Stage 1: Mild symptoms occur that do not typically interfere with daily life. Tremor and other movement symptoms take place only on one side of the body, and changes in posture, walking, and facial expressions start to happen.
Stage 2: Symptoms get worse. Tremor, rigidity, and other movement symptoms affect both sides of the body. Walking and posture problems may be noticeable. Daily tasks are more difficult and are taking longer to accomplish, but the patient can still live alone.
Stage 3: This is referred to as mid-stage. Loss of balance and slowness of movements are distinguishing characteristics, and falls are more prevalent. Symptoms greatly diminish activities, such as dressing and eating, but the patient is still entirely independent.
Stage 4: Symptoms are severe and restricting. Standing can be done without assistance, but a walker may be needed to get around. The person is unable to live alone and needs help with activities of daily living.
Stage 5: This is the most advanced and crippling stage. Standing or walking is almost impossible due to stiffness in the legs. Either a wheelchair is needed, or the patient is bedridden. The patient may also experience hallucinations and delusions. Nursing care is needed around the clock for all activities. In addition to these motor symptoms, there are a significant number of non-motor symptoms experienced by the patient.
Scientists are not certain what causes PD, but they believe genetics and the environment are to blame. To what extent each is involved varies from person to person, but what is known is that all PD patients show a loss of dopamine in the brain as well as symptoms and disease progression unique to them. Parkinson’s is rarely hereditary.
According to the Parkinson’s Foundation, there is currently no specific blood test or imaging scan available to diagnose Parkinson’s disease. Instead, a neurologist will diagnose PD based on:
- A detailed history of symptoms, health problems, and medications (past and present). Some medical conditions and medications can cause symptoms that resemble Parkinson’s disease.
- A detailed neurological examination by a neurologist to assess movement of arms and legs, muscle tone, gait, and balance while the patient performs certain tasks. This exam is performed to look for:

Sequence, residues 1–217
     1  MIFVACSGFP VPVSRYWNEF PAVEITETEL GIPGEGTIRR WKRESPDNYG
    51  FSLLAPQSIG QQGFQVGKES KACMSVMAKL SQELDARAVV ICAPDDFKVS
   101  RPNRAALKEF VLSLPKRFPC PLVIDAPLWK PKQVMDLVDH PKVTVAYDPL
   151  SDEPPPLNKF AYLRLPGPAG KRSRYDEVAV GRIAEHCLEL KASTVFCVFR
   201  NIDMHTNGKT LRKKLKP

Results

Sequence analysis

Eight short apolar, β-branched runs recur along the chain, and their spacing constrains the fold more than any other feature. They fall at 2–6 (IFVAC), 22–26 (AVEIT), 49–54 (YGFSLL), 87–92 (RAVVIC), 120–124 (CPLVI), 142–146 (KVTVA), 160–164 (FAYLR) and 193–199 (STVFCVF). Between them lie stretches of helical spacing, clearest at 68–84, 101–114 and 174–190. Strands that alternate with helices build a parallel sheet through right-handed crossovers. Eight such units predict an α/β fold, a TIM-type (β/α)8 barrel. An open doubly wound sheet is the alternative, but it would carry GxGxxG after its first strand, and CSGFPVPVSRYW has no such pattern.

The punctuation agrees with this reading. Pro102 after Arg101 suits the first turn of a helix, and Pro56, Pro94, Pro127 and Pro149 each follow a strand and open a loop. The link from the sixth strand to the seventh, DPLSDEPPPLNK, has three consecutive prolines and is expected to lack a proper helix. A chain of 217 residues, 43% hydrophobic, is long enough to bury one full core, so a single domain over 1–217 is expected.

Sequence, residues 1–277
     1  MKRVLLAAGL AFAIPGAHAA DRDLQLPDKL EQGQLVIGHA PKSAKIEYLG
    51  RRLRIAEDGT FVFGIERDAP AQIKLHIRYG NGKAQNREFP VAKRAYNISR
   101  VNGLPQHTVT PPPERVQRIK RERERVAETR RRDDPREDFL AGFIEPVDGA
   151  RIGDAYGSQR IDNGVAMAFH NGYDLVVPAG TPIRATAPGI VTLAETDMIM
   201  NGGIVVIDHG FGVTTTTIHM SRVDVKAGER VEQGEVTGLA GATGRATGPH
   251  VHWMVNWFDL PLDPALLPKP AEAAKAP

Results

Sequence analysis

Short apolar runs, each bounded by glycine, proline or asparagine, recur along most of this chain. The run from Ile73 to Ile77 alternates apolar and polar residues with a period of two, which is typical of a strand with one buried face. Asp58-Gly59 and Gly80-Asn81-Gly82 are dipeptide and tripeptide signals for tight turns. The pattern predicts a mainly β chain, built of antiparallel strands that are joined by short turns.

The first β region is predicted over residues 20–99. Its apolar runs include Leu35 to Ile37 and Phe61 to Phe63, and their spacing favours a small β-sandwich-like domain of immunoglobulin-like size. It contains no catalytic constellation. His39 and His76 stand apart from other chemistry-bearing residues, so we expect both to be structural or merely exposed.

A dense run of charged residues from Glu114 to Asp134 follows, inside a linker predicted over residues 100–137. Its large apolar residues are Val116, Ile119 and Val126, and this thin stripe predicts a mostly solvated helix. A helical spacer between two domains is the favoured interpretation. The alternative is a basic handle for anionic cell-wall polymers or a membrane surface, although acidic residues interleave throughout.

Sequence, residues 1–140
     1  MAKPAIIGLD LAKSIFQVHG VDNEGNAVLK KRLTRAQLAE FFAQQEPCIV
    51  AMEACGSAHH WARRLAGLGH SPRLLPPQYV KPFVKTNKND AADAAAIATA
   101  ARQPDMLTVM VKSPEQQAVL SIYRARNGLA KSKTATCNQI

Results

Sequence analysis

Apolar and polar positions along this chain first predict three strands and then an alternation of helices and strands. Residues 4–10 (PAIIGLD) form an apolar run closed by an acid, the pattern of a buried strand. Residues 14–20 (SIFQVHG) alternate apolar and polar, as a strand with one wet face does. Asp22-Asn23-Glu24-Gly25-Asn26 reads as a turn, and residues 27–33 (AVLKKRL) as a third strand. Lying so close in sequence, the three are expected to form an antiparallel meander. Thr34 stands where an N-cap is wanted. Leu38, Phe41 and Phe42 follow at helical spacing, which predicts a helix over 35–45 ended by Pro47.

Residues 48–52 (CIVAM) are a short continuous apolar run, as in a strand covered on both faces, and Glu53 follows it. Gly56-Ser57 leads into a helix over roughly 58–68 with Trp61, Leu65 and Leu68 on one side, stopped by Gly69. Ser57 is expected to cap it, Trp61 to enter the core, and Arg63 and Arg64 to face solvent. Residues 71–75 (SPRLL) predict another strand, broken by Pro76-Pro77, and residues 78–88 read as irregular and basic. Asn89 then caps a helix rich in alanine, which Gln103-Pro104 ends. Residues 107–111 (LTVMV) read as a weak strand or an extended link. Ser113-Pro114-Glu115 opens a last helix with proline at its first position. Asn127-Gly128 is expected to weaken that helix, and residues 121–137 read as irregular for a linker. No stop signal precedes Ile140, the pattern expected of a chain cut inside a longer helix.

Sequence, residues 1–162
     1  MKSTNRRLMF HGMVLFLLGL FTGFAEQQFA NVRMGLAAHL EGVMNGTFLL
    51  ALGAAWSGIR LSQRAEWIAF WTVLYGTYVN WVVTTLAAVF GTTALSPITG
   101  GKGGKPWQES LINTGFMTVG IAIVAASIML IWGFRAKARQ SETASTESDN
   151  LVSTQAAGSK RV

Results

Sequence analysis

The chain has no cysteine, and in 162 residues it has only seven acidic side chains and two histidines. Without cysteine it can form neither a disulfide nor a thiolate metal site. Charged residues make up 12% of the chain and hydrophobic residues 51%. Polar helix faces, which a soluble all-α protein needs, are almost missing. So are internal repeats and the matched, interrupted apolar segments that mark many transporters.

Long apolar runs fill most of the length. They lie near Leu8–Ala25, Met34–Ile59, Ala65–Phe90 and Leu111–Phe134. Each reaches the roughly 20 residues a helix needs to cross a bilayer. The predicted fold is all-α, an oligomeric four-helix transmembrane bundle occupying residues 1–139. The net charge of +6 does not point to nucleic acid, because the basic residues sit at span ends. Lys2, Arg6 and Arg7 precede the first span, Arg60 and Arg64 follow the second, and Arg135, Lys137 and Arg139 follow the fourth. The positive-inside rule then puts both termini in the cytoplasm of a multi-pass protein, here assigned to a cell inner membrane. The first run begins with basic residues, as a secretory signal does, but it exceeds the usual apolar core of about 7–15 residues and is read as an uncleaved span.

- Animation in expression and speech
- Tremor in extremities at rest or in action
- Stiffness in extremities or neck
- Maintained balance and examination of posture
- A Unified Parkinson’s Disease Rating Scale (UPDRS) is used by a neurologist and movement disorder specialists to document and assess the exam of a PD patient at baseline, determine the effectiveness of medication, and track the disease progress over future visits.
- Most people with PD respond well to dopaminergic medications. For those who do not, an alternative diagnosis may be made, such as atypical parkinsonism. The physician may also perform additional tests, including an MRI of the brain.
- When a neurologist is unsure of a PD diagnosis, patients are typically referred to a movement disorder specialist and DaTscans are ordered. A DaTscan is a brain imaging test that uses a radioactive drug to help determine the amount of dopamine in the patient’s brain. Although a DaTscan cannot diagnose PD, it can confirm it. If the patient’s history and exam point to Parkinson’s and the patient meets the diagnostic criteria, a DaTscan is not necessary.
Parkinsonism (atypical Parkinson’s disease or Parkinson’s plus) is a term used to describe the signs and symptoms found in Parkinson’s disease (slowness, stiffness, tremor, and imbalance). However, there are other conditions that may have one or more of these symptoms and look like Parkinson’s. They include:
• Essential Tremor
• Normal Pressure Hydrocephalus
• Dementia with Lewy Bodies
• Multiple System Atrophy
• Corticobasal Syndrome
• Progressive Supranuclear Palsy